Budgeting is about as interesting as watching paint dry. Who likes thinking about money and bills and all those boring things? But what if a budget could put you back in control of those spiralling household expenses and make you feel confident that each time you were going to the supermarket, or buying a treat for the kids, that you were consistenly keeping within your family budget ?
Enter “envelope budgeting” – a super simple, almost basic, way to run the household cashflow and budget that will help you stay out of debt and on top of your family’s financial goals.
What is envelope budgeting?
It’s a back to basics system that relies on using old-fashioned cash and envelopes to allocate household spending. There are no sneaky debit cards, bank fees or charges out to derail you from staying on top of your finances.
Envelope budgeting doesn’t handcuff you from spending, but encourages you to be in charge of your cash flow by allocating one envelope per spending category – so you have one envelope for groceries, another for power, another for phone bills and so on. Each month, fortnight or week (depending on how you like to run your cashflow and when you get paid) you allocate your cash for the time period and put it in the envelope, which should be kept safe and secure and then transferred into your handbag or wallet when you need to buy or pay for something.
Write the name of each spending category and the monthly budgeted amount on the envelopes. If you are paid weekly or bimonthly, divide the total monthly amount for each category by the number of pay periods you have and record that number on the envelope as well.
The beauty of traditional envelope budgeting is that it forces you to stay in touch with your spending habits because once the money is gone from an envelope, you cannot spend from that expense category until the envelope is replenished in the next time period.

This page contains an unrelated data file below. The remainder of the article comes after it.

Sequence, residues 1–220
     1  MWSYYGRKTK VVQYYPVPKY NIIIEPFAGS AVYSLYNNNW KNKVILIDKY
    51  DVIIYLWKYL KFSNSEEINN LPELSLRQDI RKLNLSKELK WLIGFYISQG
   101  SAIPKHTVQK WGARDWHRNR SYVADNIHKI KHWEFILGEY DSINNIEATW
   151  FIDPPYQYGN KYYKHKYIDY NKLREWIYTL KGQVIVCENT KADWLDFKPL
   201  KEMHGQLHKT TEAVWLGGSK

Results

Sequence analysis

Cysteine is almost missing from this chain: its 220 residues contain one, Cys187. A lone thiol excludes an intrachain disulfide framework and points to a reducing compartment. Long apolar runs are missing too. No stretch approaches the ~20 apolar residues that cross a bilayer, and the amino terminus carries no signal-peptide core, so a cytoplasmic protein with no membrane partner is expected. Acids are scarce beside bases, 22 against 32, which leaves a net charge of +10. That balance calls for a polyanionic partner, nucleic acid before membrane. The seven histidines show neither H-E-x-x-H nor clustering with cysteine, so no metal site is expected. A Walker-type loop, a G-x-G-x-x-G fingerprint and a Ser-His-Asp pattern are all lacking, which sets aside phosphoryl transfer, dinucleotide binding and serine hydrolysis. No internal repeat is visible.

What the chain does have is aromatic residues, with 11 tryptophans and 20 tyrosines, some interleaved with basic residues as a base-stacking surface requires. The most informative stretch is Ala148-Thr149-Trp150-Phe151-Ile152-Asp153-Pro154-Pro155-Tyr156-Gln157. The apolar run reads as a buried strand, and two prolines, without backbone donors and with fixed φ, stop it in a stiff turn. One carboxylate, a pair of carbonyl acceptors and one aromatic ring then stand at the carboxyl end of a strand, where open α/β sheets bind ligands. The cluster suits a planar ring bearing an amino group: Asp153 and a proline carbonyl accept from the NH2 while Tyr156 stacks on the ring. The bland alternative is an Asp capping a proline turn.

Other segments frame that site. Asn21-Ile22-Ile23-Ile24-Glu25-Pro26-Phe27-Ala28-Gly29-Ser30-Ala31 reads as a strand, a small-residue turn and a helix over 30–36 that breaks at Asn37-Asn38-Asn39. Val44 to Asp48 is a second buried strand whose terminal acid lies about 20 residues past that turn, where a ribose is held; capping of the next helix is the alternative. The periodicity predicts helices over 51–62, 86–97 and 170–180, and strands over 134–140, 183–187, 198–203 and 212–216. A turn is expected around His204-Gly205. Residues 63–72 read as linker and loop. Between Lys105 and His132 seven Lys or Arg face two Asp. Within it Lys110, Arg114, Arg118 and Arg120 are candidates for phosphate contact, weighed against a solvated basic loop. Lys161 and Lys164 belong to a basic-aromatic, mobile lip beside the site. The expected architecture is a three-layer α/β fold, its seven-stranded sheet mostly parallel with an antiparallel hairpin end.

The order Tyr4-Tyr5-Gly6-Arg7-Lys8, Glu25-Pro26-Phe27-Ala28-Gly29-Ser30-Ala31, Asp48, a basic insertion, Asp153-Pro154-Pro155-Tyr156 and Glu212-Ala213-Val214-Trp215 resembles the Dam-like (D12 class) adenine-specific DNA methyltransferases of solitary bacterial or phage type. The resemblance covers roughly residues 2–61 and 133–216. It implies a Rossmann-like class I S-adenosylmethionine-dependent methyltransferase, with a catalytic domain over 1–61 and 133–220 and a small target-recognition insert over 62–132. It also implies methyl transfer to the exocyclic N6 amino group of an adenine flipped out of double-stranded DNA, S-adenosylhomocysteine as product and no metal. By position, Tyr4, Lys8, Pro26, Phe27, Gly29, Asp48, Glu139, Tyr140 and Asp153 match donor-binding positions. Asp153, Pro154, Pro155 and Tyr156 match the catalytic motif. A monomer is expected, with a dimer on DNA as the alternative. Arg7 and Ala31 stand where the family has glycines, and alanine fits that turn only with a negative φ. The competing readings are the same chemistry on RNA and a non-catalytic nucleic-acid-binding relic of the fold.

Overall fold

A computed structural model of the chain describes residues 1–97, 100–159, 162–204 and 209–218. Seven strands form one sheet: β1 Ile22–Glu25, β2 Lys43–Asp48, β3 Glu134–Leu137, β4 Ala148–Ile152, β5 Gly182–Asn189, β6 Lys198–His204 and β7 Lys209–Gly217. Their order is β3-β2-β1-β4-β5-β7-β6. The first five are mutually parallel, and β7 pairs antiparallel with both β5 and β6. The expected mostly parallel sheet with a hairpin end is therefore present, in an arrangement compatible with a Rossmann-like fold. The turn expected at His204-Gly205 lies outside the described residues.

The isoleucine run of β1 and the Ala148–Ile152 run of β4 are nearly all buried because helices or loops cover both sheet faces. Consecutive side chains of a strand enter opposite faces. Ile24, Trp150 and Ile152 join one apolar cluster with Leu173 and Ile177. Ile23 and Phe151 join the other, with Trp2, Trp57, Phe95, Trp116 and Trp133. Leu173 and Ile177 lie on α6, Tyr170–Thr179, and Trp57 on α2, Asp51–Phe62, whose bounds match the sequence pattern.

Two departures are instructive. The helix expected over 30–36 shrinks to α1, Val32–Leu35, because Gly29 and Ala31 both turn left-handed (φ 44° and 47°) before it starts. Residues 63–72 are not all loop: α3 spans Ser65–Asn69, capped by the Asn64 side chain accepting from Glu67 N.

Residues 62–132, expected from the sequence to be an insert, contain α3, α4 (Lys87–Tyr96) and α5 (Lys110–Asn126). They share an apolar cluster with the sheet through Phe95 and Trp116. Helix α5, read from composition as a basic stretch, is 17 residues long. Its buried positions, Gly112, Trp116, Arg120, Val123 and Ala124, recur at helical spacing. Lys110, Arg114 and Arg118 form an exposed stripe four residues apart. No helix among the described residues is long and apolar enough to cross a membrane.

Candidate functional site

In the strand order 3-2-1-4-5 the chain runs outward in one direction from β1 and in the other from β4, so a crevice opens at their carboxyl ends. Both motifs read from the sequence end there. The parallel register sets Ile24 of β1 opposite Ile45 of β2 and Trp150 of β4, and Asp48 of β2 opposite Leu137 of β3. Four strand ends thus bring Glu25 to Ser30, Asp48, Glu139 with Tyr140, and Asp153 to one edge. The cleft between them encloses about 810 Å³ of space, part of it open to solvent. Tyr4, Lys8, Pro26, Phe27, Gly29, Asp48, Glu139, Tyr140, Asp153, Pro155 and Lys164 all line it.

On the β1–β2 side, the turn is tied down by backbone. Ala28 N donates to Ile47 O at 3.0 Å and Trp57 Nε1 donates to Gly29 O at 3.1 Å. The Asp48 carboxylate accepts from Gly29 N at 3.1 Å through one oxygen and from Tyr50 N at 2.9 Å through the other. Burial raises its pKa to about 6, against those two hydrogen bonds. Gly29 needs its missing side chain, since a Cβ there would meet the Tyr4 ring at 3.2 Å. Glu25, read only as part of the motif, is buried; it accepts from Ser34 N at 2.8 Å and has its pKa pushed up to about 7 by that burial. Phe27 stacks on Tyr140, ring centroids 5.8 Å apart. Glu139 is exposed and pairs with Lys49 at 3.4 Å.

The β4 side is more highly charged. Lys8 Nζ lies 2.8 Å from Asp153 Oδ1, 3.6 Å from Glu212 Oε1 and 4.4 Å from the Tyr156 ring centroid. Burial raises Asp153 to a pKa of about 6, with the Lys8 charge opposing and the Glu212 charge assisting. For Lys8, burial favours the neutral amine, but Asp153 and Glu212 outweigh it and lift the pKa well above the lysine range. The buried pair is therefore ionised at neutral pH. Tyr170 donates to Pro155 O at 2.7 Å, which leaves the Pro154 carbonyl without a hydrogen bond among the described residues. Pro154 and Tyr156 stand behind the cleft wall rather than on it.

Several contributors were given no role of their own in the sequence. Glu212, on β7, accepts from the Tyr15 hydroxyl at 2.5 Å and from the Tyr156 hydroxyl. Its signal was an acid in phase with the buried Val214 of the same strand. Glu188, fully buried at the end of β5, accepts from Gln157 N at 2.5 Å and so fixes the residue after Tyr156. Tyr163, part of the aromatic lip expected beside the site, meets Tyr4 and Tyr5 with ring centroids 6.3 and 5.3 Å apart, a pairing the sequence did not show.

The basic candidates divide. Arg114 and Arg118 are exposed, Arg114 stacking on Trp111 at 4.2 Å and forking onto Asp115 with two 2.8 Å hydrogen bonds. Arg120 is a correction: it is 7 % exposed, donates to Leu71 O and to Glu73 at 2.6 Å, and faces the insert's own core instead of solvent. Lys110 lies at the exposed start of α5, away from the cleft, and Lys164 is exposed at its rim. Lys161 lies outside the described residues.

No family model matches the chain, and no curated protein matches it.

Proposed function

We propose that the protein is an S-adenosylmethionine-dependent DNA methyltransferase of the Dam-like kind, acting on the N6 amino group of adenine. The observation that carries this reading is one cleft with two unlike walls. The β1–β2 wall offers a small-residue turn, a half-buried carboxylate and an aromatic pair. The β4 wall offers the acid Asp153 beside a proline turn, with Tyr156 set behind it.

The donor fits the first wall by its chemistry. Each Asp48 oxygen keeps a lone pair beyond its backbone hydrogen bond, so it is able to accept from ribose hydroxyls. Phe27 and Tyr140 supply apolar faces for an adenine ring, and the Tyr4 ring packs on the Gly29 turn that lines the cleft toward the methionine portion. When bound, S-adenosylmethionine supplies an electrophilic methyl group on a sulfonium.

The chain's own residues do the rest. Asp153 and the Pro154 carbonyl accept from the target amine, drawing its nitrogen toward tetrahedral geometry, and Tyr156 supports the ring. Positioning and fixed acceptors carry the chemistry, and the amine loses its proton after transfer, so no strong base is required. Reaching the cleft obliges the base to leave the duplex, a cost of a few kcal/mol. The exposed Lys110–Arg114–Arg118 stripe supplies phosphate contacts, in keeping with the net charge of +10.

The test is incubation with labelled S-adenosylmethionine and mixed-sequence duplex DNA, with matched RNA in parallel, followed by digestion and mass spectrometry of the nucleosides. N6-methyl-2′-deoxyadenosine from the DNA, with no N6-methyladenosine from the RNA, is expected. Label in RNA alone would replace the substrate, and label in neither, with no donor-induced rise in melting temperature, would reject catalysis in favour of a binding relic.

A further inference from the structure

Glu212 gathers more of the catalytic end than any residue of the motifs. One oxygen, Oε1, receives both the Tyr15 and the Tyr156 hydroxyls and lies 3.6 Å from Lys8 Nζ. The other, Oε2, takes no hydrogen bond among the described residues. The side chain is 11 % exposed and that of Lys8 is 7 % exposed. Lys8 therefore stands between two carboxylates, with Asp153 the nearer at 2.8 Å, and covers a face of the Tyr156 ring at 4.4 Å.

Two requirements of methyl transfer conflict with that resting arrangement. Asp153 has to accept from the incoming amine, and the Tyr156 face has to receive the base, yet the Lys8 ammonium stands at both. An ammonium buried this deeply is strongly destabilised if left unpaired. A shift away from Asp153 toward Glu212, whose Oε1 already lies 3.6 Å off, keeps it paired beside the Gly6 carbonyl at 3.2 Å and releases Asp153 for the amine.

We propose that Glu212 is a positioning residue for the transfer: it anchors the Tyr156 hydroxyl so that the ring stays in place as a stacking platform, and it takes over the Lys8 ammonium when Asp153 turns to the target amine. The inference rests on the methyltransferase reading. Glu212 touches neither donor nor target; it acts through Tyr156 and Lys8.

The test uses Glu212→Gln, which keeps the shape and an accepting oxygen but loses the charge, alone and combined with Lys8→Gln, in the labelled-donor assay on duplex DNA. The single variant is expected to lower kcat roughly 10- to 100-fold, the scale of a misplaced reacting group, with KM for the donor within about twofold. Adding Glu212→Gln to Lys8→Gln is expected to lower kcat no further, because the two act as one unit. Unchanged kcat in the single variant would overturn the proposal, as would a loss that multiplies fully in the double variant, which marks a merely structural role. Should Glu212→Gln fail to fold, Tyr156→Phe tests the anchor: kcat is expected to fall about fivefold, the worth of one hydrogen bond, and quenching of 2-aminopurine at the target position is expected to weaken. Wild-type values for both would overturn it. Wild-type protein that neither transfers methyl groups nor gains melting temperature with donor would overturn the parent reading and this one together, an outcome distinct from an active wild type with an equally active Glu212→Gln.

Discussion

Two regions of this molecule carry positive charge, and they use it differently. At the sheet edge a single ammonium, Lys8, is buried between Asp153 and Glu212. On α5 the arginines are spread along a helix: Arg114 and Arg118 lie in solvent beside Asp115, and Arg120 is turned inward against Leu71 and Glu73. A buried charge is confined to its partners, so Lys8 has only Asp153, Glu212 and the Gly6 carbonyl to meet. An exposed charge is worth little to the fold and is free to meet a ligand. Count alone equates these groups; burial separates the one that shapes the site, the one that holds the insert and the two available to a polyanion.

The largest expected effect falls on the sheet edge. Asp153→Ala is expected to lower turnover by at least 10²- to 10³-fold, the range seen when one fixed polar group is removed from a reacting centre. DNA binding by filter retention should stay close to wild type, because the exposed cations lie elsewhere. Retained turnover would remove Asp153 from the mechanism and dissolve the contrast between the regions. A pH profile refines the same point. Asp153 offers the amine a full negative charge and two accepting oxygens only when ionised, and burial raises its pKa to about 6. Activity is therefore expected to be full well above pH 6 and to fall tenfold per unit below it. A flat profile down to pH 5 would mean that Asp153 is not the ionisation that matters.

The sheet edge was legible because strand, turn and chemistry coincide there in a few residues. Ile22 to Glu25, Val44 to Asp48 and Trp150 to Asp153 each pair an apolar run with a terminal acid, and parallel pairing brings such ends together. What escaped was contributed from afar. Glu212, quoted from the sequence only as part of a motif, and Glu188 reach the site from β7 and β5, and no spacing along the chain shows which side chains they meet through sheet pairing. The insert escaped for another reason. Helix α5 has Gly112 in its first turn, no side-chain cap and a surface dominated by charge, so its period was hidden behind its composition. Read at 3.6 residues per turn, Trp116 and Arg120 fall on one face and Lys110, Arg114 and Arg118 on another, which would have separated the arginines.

An example of envelope budgets in action
This system relies on finding your “spending period” – weekly, fortnightly or monthly – and making sure you can allocate spending categories appropriately. Each week, fortnight or month, you go to the ATM and make just ONE cash withdrawal for your entire expenses for the time period.
An example might be that a $500 cash withdrawal from the week is allocated into the following envelopes:
- $150 for groceries
- $200 for rent
- $30 for petrol and car
- $70 for all utilities like phone, electricity, internet, gas etc
- $30 personal spending money
- $20 savings
When you go shopping or pay a bill, take the money for the payment from the appropriate envelope.
Working out your spending
This is never a fun exercise as most of us end up spending more than we earn! But if you follow the zero budgeting principle and accept that your income minus expenses should equal zero, then you’ll be OK. In other words – spend within your means. You can’t do envelope budgeting if you don’t allocate the costs and categories that are appropriate to your lifestyle. If you’re over on the power spending for the month, then you might need to pinch cash from the grocery envelope to avoid going into debt or reaching for the credit card.